Based on your last post, pretty darn definite (if you are sure about the location) that you don't have rectal cancer....so the extra testing/appointments/wait shouldn't be an issue for you at all. I might suggest that you take a step back and unless a medical professional has told you that this is an emergency, you may want to think about a second opinion. No, no other medical professional is going to tell you that you don't have cancer....pathology said otherwise....but make sure that you like and trust the surgeon and oncologist. You can always switch your oncologist but not necessarily your surgeon. Early on in my journey, I had no idea that there were general surgeons who would do the surgery and then there were board certified colorectal surgeons. I firmly believe that patients with rectal cancer should see a board certified colorectal surgeon....the surgery is performed in a tighter space and has more probability of complications and implications for future problems. Not sure the same thing is applicable to colon cancer that is further removed from the pelvic area. At any rate though, it is something you may want to think about. Check out the surgeon that you have been referred to. Is he/she a general surgeon or a specialist? Does that matter to you?http://www.abcrs.org/verify-a-physician-2/
This is the link to the American Board of Colon and Rectal Cancer Surgeons.....the organization that surgeons who want board certification must apply to and whose requirements they must fulfill.
If you can, find an oncologist before you have surgery.....one that you like, trust and have confidence in. You will see the surgeon a few times and then you're done with him/her but the oncologist is the medical professional that you will be seeing for years to come. He/she will be the one that will take care of you...will be the doctor you see in the early days if you are sick, will be the one that you have to contact regarding medications, etc. You want someone that you really feel comfortable with and whose office has the support that you need. Don't rush into just 'going with' the first onc you meet....unless things just seem right with him/her.
As for staging, you won't know until the surgeon goes in and does the surgery. Although the CT scan showed no spread, we all know that nothing is certain with cancer. It's very likely that another organ (lung, liver, etc.) isn't involved.....as the CT is pretty reliable at picking up spread in those organs...IF the spread is large enough to be seen on the scan. The pathology report will indicate if any local nodes are affected. Regardless, you won't know your stage until after surgery....when the pathology report from that procedure is done and the report is sent. That pathology report will tell you whether or not any local nodes are affected, how many local nodes were taken out in the excised specimen and whether or not the tumor has any negative prognostic factors (mucinous, signet cell, poorly differentiated, etc.). Make sure you GET A COPY OF THAT REPORT so that YOU know, with 100% certainty what is says....not what the surgeon/oncologist tells you.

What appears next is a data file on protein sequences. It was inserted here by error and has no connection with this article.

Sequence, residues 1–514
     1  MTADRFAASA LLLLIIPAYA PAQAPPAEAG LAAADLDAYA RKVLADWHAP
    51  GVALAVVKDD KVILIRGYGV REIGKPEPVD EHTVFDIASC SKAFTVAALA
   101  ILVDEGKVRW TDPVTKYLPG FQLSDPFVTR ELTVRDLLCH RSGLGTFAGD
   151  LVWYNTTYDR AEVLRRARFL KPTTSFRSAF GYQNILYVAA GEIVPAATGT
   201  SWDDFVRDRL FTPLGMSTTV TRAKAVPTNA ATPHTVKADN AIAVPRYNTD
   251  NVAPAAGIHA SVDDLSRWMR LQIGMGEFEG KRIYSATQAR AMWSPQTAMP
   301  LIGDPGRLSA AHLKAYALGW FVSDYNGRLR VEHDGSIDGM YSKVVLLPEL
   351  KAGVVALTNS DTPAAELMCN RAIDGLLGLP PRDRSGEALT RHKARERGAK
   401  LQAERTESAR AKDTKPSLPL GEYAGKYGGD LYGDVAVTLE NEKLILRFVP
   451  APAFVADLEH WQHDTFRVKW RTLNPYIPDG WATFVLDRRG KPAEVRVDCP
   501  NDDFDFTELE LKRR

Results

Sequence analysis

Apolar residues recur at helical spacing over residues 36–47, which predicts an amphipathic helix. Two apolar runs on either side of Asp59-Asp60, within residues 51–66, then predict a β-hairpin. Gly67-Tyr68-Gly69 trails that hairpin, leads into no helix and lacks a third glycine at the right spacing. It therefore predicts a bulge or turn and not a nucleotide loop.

Right now...remember to breath, relax and get as much rest as possible. You're going to be entering a new chapter in your life....one that will come with peaks and valleys...you'll have some good times and honestly some crappy ones. Listen to what the oncs say but expect the unexpected. For example, unless you are a stage I, you will likely have some chemo or at least be recommended to have chemo. The oncologist may say, "6 months of chemo"....if so, be prepared that 6 months may turn into 6,5-7 months.....simply because you may get sick and can't have chemo one time, your blood counts may be too low, etc. Things come up and IF your plans are super rigid, you'll have a more difficult time.